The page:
The invited talks at the EUV lithography conference gave some further perspective from Intel and Samsung on the readiness of EUV for high volume manufacturing (HVM). Apparently, one of the big issues last year was the reliability of the tin droplet generator, part of the EUV light source. Both Intel and Samsung were very pleased about progress on that front, so that source reliability has reached 70%, enough to do real engineering work with the tools, though not enough for manufacturing. Intel reported end-of-line yield loss due to particles added to the mask during use. They saw an average of one killer defect added per 20 reticle-stage-load cycles, a level that makes manufacturing impossible without a pellicle.
Seong-Sue Kim also reported on the mixed successes and failures of EUV at Samsung in the last year. They reported 3 particle adders on the mask for every 10,000 wafers printed, a number too high by an order of magnitude at least. But more disturbing was his report of mask damage after 40,000 wafer exposures using the 80W source. Blisters formed within the mask multilayer, some of which popped. Not only was the mask ruined, but contamination travelled through the optical system and made its way to the wafer. I worry that such chemical reactions induced by the energetic photons of EUV light will behave nonlinearly with intensity. How bad will this become when using a 250W source?
On the resist front, everyone is talking about metal oxide resists for EUV. For many years now, Inpria has used metal oxides as an EUV resist that could deliver high resolution and low LWR, but at doses of 80 mJ/cm2 – too high to be practical given the realities of low EUV source power. The push to get sensitivities of these resists into the 30 mJ/cm2 range has now been successful but, surprise!, the LWR is much worse. It seems that all attempts to defy the laws of physics through chemistry continue to be unsuccessful. Yet, since we do not have a complete understanding of all aspects of LER formation, the physical limits of roughness are unknown. If other problems can be solved, metal oxide resists may be the way to go.
Indulge me, if you will, on another rant. Thirty years ago I would come to this conference and see papers by resist companies that all had a familiar pattern: here is our new material, here is a cartoon of the mechanism of why it will work, and here are one or two SEM images of high resolution patterns. Success is then claimed. What we learned painfully over time is that high resolution demonstrations of a material are a necessary but not sufficient condition of success. The reason is the simple fact that a very good aerial image can produce a decent image in a mediocre resist. The projected image maters! So how do you know if your material is any good? You have to consider the development contrast of the resist and how it affects process latitude. A high image contrast can produce a good single image in a low contrast resist, but cannot produce good exposure latitude. One needs to compare exposure latitude (or better yet, the focus-exposure process window – see the mention of the Arnold and Levinson papers above) to the entitlement process latitude (that which could be obtained from an ideal, infinite contrast resist), or at least to the current resist of record. This lesson was learned and over the next 20 years resist contrast was systematically raised until it become sufficiently high. Today, we almost take high resist contrast for granted (at 193 immersion, at least).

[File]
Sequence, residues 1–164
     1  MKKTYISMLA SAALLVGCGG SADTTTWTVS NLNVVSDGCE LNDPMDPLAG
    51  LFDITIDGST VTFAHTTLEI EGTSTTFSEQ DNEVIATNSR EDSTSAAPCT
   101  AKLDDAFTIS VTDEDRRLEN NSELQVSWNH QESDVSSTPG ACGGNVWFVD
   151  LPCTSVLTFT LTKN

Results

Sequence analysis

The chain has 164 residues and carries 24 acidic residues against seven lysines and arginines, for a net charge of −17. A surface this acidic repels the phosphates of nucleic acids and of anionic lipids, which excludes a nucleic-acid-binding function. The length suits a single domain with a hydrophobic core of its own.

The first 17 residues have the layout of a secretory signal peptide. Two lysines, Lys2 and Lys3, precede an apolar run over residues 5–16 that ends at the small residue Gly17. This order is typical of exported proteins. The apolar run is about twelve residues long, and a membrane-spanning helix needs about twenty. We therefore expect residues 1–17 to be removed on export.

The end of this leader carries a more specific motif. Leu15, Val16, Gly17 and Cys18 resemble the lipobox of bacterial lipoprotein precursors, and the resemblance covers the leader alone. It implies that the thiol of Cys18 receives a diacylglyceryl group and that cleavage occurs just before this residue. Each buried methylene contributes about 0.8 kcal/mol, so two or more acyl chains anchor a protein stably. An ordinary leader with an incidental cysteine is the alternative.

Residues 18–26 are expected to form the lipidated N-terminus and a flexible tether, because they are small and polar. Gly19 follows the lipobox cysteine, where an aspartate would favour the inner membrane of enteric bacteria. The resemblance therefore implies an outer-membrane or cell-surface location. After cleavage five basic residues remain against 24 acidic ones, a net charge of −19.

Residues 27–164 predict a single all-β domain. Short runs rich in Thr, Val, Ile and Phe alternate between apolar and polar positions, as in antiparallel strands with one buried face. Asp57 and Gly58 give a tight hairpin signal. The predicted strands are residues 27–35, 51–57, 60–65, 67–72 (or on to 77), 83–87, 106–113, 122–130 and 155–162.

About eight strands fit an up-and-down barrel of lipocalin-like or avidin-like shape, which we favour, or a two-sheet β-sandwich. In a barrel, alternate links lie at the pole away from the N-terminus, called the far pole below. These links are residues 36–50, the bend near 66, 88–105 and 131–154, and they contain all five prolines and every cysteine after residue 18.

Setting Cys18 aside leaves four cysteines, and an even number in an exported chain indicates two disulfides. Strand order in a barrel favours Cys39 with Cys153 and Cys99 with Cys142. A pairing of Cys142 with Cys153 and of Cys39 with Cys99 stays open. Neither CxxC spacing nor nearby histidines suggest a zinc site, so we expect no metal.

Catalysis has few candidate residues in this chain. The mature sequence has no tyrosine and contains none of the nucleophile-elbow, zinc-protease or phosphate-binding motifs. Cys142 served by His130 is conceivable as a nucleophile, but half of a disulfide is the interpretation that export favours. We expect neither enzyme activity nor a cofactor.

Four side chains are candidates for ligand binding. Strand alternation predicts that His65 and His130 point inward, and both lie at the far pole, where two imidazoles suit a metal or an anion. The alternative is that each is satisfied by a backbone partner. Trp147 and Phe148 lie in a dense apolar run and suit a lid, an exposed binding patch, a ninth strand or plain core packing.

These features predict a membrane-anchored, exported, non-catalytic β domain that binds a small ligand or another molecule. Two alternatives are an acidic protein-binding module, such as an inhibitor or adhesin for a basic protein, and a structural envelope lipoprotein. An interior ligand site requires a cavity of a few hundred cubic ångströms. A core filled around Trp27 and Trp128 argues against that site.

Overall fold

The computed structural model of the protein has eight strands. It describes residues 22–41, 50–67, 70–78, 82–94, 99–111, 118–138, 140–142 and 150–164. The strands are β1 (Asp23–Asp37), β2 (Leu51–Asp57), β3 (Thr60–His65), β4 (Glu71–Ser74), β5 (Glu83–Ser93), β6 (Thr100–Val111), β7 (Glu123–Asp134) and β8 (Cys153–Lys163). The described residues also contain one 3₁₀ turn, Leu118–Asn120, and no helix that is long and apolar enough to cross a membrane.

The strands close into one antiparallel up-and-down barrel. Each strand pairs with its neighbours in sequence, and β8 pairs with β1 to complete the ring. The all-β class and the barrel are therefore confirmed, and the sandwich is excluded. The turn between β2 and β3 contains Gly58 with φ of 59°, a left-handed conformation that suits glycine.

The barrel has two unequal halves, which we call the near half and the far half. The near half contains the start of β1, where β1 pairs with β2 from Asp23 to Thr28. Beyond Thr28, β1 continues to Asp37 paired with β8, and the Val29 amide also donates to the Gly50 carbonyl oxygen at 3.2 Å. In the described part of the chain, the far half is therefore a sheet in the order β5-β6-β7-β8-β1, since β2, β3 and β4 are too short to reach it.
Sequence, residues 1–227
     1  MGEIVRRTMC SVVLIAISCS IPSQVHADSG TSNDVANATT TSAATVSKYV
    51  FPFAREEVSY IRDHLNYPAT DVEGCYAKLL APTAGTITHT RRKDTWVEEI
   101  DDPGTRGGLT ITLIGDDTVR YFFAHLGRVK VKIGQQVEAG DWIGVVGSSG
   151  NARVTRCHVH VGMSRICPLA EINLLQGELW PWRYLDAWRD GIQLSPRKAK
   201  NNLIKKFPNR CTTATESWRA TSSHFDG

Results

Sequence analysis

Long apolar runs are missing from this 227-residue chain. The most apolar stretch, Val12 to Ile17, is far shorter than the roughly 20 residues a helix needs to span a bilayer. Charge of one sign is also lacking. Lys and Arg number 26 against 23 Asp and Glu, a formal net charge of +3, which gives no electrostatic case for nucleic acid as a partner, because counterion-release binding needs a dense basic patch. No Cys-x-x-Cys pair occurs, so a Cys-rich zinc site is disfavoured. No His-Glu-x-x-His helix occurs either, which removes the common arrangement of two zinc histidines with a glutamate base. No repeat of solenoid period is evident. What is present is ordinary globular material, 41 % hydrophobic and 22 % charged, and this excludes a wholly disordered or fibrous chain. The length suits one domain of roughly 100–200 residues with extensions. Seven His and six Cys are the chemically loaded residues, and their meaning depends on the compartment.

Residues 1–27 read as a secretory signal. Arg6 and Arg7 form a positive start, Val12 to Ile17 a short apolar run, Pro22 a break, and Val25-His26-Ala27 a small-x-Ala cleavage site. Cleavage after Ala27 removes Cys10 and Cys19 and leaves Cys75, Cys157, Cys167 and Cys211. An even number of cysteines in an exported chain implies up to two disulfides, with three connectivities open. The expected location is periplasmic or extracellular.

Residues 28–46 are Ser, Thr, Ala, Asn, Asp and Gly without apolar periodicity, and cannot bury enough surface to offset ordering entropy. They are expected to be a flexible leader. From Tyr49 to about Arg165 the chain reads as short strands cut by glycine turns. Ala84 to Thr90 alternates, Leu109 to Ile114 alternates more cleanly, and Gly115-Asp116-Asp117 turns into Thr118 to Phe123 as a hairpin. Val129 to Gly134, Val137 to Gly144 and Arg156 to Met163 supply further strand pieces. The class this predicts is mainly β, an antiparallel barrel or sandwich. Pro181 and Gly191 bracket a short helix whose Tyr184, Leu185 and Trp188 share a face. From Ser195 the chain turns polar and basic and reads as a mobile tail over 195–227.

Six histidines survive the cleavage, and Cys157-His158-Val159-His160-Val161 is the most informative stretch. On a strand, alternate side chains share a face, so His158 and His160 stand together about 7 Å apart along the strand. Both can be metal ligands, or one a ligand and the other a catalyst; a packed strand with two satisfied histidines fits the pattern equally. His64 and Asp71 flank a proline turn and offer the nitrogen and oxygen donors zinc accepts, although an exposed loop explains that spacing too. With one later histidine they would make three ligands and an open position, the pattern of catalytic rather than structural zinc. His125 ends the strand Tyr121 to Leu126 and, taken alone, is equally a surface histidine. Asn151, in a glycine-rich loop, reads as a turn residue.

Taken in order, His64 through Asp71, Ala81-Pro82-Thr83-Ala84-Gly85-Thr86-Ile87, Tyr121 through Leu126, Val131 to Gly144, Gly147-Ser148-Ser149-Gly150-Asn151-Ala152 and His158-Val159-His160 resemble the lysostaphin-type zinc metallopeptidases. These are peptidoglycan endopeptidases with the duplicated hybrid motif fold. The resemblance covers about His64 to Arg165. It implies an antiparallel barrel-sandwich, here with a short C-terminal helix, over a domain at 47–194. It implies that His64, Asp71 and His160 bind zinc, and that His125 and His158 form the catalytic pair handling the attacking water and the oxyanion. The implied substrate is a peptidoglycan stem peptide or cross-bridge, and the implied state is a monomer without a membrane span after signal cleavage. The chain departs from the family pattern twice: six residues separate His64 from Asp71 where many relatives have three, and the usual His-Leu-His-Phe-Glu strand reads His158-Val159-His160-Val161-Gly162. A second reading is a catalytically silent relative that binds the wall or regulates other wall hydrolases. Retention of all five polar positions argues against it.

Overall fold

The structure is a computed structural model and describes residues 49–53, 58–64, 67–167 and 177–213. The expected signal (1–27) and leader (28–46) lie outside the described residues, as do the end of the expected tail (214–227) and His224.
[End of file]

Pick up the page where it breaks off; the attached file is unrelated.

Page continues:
It seems that this lesson has been forgotten. Have we experienced high-contrast resists for so long that we have forgotten how a low-contrast resist behaves? Have we forgotten how to measure or characterize resist contrast? I almost never see a process window for an EUV resist. I never see a comparison of the exposure latitude to the NILS (or the best exposure latitude possible). People compare resists printed at different numerical apertures without considering the differences in the aerial images that exposure them, or don’t even mention the conditions at which the patterns were imaged, as if a 20-nm pattern is a function of the resist alone. We need high sensitivity EUV resists. We need low LWR. But we also need high resist contrast. Let’s start measuring and reporting that, please.
One of my favorite quotes of the day: “I never thought they would discover gravity waves before EUV made it into manufacturing.” – Kenneth Goldberg (Note: over $1B was spent over 40 years on the gravity wave effort.)
And my favorite mixed metaphor: “We have only scratched the tip of the iceberg.” – Alex Vaglio Pret